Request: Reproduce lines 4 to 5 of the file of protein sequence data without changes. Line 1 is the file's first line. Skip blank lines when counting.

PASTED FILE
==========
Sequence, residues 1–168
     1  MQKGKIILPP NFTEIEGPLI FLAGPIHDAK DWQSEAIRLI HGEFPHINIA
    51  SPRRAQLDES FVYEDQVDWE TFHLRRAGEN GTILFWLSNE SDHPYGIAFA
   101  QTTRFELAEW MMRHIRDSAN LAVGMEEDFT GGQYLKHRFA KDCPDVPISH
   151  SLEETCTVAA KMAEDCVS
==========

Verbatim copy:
   101  QTTRFELAEW MMRHIRDSAN LAVGMEEDFT GGQYLKHRFA KDCPDVPISH
   151  SLEETCTVAA KMAEDCVS